The Social History of the American Family: An Encyclopedia
Marilyn J. Coleman, Lawrence H. Ganong
SAGE Publications, Sep 2, 2014 - Social Science - 2144 pages
The American family has come a long way from the days of the idealized family portrayed in iconic television shows of the 1950s and 1960s. The four volumes of The Social History of the American Family explore the vital role of the family as the fundamental social unit across the span of American history. Experiences of family life shape so much of an individual’s development and identity, yet the patterns of family structure, family life, and family transition vary across time, space, and socioeconomic contexts. Both the definition of who or what counts as family and representations of the “ideal” family have changed over time to reflect changing mores, changing living standards and lifestyles, and increased levels of social heterogeneity.
Available in both digital and print formats, this carefully balanced academic work chronicles the social, cultural, economic, and political aspects of American families from the colonial period to the present. Key themes include families and culture (including mass media), families and religion, families and the economy, families and social issues, families and social stratification and conflict, family structures (including marriage and divorce, gender roles, parenting and children, and mixed and non-modal family forms), and family law and policy.
The Social History of the American Family is an ideal reference for students and researchers who want to explore political and social debates about the importance of the family and its evolving constructions.
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However, this population is not monolithic, and the term Asian American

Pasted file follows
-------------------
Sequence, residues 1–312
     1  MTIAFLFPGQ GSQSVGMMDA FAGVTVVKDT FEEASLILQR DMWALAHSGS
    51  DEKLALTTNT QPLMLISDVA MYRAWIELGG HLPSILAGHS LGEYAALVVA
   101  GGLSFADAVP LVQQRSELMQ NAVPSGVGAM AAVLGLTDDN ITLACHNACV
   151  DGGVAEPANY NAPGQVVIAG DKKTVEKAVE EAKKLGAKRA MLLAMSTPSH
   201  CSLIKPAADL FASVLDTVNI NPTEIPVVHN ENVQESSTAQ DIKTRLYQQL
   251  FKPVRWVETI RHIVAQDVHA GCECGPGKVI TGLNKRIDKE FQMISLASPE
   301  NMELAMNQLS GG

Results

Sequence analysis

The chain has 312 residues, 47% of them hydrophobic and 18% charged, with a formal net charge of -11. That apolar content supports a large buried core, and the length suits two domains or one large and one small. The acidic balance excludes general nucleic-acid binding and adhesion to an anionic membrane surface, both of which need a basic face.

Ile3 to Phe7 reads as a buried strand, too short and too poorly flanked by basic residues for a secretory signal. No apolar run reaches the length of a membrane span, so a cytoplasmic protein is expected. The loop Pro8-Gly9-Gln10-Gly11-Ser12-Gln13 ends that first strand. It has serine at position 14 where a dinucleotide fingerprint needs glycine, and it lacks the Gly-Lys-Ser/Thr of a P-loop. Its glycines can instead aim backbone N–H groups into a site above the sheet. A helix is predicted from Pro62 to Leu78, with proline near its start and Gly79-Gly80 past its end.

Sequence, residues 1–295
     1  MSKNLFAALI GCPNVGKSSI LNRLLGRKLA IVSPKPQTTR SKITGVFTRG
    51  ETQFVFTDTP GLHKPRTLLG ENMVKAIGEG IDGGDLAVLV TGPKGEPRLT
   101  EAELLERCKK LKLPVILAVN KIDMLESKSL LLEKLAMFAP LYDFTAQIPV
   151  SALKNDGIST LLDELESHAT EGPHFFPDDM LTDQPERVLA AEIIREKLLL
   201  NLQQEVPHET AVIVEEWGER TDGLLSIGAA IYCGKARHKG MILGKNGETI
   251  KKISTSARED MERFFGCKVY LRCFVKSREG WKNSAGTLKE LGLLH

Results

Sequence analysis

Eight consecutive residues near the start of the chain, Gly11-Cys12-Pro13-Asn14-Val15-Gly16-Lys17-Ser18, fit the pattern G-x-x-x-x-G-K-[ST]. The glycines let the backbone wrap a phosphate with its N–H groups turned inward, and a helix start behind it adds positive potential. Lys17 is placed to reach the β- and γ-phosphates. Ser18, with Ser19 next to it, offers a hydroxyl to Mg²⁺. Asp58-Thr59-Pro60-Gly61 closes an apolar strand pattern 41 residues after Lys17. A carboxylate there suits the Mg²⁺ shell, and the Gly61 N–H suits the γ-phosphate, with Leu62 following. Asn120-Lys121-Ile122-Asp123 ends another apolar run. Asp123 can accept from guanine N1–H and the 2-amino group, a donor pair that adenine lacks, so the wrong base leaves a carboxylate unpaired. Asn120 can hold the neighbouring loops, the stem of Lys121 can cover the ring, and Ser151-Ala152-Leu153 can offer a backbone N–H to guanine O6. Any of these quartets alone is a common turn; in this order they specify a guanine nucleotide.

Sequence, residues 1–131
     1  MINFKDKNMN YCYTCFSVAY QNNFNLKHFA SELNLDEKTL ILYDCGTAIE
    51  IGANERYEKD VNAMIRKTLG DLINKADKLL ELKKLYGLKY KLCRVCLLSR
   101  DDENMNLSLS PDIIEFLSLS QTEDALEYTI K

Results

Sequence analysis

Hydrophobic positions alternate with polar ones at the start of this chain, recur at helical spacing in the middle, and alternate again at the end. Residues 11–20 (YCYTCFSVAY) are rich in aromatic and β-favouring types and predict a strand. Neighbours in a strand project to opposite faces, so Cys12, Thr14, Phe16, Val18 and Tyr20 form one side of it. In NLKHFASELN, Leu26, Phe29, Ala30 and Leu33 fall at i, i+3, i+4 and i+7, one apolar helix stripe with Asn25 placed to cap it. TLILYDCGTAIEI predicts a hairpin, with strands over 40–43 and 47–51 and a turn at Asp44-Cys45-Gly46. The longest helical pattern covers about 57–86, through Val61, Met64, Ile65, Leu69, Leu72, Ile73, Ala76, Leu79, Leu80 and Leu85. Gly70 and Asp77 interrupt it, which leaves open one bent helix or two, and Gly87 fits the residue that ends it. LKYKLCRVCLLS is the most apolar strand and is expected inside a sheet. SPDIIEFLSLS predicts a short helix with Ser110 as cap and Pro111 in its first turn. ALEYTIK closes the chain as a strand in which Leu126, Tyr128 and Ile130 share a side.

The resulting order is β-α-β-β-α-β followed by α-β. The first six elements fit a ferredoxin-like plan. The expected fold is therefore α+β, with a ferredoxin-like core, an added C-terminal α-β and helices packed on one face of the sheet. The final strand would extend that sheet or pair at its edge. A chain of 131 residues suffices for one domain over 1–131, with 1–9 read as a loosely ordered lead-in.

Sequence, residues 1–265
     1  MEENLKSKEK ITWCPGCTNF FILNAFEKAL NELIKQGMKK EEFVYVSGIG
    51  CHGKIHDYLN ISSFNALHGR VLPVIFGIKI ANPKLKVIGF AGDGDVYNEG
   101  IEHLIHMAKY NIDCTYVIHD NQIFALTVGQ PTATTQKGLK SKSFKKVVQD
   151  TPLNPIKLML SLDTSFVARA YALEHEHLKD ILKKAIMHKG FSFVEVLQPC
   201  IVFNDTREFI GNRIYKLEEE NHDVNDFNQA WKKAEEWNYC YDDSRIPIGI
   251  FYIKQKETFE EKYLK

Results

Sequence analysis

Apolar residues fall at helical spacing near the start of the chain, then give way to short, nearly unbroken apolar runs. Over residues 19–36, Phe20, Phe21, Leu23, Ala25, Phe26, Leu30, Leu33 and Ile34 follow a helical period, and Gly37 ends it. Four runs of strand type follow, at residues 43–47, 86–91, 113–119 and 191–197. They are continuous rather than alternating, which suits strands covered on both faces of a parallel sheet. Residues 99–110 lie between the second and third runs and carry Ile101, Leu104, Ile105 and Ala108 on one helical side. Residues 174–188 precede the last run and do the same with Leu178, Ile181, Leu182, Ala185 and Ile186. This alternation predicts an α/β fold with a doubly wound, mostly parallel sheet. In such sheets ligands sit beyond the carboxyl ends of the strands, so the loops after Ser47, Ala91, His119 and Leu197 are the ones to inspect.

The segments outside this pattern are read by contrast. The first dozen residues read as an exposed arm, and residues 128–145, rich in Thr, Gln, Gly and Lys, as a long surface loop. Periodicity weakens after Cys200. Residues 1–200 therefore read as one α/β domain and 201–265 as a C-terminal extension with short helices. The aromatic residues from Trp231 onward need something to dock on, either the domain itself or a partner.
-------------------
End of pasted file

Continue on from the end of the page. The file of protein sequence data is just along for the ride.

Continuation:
constitutes many subgroups. Asian American people include those who identify
themselves asChinese, Filipino, Indian, Vietname.se, Korean, Japanese,
to legitimize Chua, which in turn mischaracterizes the Asian American family.
Table 1 Number and percentage of families below poverty level in 2000, by
ethnic group Source: Christopher Thao Vang, 2010. Table 1provides the number
and the ...
The homogenization of Asian American families, or believing thatallAsians
families arethe same,is highly problematic. The idea of“tiger mothering” conceals
Asian Americans' true academicand familial heterogeneity. Ethnic glossleads
In other words, poor Korean American families will, on average, have poorer
academic outcomes thanwealthier Korean American families. The Coalition for
Asian American Childrenand Families (CACF), withfunding from the Ford
The compositions and cultures found inAsian American familiesare incredibly
diverse. Household incomeof Asian American families also tends to be
distributed ina bimodal fashion. Future research should examine how adopted
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List of Primary Documents